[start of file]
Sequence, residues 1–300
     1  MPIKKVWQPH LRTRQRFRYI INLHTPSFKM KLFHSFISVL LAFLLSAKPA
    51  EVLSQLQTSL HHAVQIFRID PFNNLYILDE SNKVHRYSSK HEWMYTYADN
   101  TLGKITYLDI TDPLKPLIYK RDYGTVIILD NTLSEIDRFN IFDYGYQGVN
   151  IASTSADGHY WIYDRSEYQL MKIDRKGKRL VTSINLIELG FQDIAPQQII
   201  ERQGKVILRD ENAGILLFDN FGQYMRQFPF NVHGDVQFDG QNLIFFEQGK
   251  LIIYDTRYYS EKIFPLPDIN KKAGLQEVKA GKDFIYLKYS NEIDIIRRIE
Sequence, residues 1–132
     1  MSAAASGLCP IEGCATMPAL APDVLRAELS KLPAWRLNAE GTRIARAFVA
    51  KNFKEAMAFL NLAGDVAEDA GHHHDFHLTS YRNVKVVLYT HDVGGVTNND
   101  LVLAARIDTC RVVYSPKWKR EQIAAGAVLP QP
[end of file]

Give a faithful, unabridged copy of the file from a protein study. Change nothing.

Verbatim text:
Sequence, residues 1–300
     1  MPIKKVWQPH LRTRQRFRYI INLHTPSFKM KLFHSFISVL LAFLLSAKPA
    51  EVLSQLQTSL HHAVQIFRID PFNNLYILDE SNKVHRYSSK HEWMYTYADN
   101  TLGKITYLDI TDPLKPLIYK RDYGTVIILD NTLSEIDRFN IFDYGYQGVN
   151  IASTSADGHY WIYDRSEYQL MKIDRKGKRL VTSINLIELG FQDIAPQQII
   201  ERQGKVILRD ENAGILLFDN FGQYMRQFPF NVHGDVQFDG QNLIFFEQGK
   251  LIIYDTRYYS EKIFPLPDIN KKAGLQEVKA GKDFIYLKYS NEIDIIRRIE
Sequence, residues 1–132
     1  MSAAASGLCP IEGCATMPAL APDVLRAELS KLPAWRLNAE GTRIARAFVA
    51  KNFKEAMAFL NLAGDVAEDA GHHHDFHLTS YRNVKVVLYT HDVGGVTNND
   101  LVLAARIDTC RVVYSPKWKR EQIAAGAVLP QP